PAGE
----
Shinji Mikami and Jun Takeuchi Interview
Anan Magazine, Issue No. 2285
Original Language: Japanese
Resident Evil, the origin of survival horror games, was released by Capcom 26 years ago. The game’s first director was Shinji Mikami (of Tango Gameworks), whose newest game, Ghostwire: Tokyo, has been garnering plenty of attention. And then there’s Jun Takeuchi, who has been involved in the Resident Evil series for many years and has served as Capcom’s head of development. These two top creators, who wield influence in the industry, meet face to face for a discussion. In the past, their relationship was that of senior and subordinate (sempai and kohai); they discuss development anecdotes they’ve experienced up to now. They once again dig deep into discussing Resident Evil and what makes it so appealing.
Mikami: It all began when my boss (at Capcom) at the time said to me, “go make a horror game!” However, I had no material or other resources, so I had to start from scratch. All I can think about now is how much hardship I endured. *laughs*
Takeuchi: I observed that from the sidelines and remember thinking how tough it must’ve been for you. Of course, I was involved in the project from the beginning, but there’s a difference between being the one responsible for all of development and being a mere member of the development team. It was truly a tough time.
Mikami: That said, I did believe in myself. I had no foundation to work off, but I felt I had what it took. Looking back at much of this now makes me feel a bit embarrassed to say this, but Resident Evil was able to capture that sense of immersion you get in horror movies.
BECOMING A HIT SERIES VIA WORD OF MOUTH
Takeuchi: In actuality, the horror experience spread steadily via word of mouth and allowed Resident Evil to enjoy successful sales. There weren’t any video streaming or social media services back then, so it was challenging to get the word out. Soon enough, this hit title evolved into a series and is now enjoyed by people in 220 countries. Horror already existed as a genre of movies or novels, but as a game people can play, Resident Evil is an epoch.
Mikami: I will say that horror is something that people will grasp and feel differently from one another, which makes it difficult to plan for. For me personally, I find spirits to be scary, so I spent the first month of planning out Resident Evil to include evil spirits. However, I knew that just that alone wouldn’t sell. That’s why I ended up referencing movies like Jaws and other grizzly monsters that chase humans and put these into the game. I think it’s that, plus the fact that in Resident Evil, you don’t just run from zombies, you can enjoy the thrill of defeating them as well; these elements have contributed to the unique flavor of the series.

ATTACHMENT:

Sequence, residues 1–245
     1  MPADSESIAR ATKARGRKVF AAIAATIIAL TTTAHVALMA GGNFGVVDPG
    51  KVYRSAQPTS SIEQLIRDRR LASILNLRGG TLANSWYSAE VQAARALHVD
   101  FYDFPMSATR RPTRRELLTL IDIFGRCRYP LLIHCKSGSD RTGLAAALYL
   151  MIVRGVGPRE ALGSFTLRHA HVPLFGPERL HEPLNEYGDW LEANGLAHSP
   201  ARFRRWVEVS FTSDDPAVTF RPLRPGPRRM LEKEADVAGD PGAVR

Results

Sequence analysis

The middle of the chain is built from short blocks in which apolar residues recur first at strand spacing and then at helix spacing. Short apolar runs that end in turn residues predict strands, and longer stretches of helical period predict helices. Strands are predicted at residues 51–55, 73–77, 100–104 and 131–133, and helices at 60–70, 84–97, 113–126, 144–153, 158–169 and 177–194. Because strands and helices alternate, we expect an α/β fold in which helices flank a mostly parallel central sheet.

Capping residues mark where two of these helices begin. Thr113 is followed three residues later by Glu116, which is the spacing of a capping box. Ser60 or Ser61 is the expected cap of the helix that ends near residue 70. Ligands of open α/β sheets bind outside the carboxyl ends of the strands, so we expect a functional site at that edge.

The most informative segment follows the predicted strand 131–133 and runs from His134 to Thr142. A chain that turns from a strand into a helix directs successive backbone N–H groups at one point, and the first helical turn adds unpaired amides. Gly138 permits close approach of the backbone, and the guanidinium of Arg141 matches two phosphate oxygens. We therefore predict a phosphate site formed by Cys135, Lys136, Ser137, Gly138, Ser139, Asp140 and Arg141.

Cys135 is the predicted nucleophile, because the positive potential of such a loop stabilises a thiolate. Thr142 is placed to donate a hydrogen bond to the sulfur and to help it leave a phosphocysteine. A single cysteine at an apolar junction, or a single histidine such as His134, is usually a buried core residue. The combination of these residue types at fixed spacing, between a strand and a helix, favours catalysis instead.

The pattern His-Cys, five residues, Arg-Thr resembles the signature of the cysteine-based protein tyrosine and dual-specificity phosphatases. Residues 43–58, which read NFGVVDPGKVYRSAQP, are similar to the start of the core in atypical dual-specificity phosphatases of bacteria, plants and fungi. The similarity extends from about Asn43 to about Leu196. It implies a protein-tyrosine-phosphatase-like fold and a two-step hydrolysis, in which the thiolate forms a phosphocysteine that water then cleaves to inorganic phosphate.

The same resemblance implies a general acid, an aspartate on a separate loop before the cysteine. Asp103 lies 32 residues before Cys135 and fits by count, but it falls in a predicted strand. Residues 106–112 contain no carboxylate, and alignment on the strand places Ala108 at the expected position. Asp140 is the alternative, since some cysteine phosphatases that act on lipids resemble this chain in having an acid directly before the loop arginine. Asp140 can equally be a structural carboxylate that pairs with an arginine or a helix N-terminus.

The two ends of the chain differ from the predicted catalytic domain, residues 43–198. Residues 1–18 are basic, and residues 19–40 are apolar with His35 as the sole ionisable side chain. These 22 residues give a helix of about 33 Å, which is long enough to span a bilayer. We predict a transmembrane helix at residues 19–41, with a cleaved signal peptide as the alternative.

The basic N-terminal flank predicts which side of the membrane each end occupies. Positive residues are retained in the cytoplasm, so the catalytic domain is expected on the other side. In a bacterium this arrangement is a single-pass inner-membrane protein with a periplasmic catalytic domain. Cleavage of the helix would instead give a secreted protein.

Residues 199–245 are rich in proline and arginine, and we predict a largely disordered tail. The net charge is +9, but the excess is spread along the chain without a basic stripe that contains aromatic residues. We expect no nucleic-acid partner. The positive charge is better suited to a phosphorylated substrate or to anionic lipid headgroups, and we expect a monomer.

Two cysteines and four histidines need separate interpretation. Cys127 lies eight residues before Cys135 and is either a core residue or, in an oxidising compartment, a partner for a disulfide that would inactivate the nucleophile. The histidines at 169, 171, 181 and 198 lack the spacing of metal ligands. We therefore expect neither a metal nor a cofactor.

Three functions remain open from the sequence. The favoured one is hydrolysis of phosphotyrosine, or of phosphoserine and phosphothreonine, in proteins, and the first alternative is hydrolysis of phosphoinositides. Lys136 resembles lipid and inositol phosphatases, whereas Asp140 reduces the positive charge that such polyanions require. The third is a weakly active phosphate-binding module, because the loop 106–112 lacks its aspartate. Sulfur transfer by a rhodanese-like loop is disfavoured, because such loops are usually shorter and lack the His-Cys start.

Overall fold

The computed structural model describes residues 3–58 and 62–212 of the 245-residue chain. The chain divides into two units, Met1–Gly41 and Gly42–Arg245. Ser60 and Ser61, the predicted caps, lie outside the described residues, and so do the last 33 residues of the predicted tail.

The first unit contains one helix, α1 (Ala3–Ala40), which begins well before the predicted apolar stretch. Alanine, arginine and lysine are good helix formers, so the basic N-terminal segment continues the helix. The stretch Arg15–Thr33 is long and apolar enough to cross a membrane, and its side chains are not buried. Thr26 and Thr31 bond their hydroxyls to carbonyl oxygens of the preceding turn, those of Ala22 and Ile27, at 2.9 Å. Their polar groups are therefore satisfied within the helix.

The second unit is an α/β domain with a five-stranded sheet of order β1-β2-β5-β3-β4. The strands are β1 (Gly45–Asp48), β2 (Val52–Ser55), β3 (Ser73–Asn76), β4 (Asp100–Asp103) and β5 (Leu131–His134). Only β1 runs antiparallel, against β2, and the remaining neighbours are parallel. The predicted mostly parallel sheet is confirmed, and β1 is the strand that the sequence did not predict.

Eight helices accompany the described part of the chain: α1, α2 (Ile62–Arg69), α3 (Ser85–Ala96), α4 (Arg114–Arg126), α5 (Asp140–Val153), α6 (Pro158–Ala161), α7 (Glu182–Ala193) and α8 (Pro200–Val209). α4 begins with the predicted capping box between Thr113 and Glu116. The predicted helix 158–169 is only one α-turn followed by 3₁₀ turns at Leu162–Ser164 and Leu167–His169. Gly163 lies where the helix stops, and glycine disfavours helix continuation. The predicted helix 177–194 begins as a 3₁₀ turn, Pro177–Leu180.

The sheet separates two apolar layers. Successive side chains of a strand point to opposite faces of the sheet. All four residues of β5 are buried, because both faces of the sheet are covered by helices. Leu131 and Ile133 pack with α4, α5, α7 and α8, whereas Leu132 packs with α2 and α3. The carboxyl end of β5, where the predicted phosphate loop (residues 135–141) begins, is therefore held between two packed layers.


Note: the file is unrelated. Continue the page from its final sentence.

Takeuchi: I worked on the graphics at the time, but I do have to say that the impact of the graphics was profound. Games prior to Resident Evil didn’t have visuals like those, so I think the graphics were quite revolutionary.
Mikami: Indeed. No one would think this today but looking at it from the lens of a consumer at the time, you can say Resident Evil had very pretty graphics.
Takeuchi: Back then, it took machines about a day and a half to produce just one background visual.
Mikami: Yeah, although for the first game, that was still adequate. When we went on to do the second game, things became much more challenging.
Takeuchi: Right, exactly. We had to run very expensive PCs at full operation for 24 hours a day. The manufacturers didn’t really design the PCs to be used to that extent, so of course there were plenty of occasions when the PCs would break down. *laughs* Breaking down even when we had no time was such a burden.
Mikami: On top of that, we didn’t have enough PCs for all staff, so we had to break the teams into day shifts and night shifts during development. Few team members had families back then, so the night shifts were quite popular… Anyway, it was quite a busy time.
Takeuchi: Indeed, it was.
Mikami: However, after working hard and finishing a game, I visit shops to see how things are going. I don’t look for data; rather I try to gain an understanding based on real world experiences.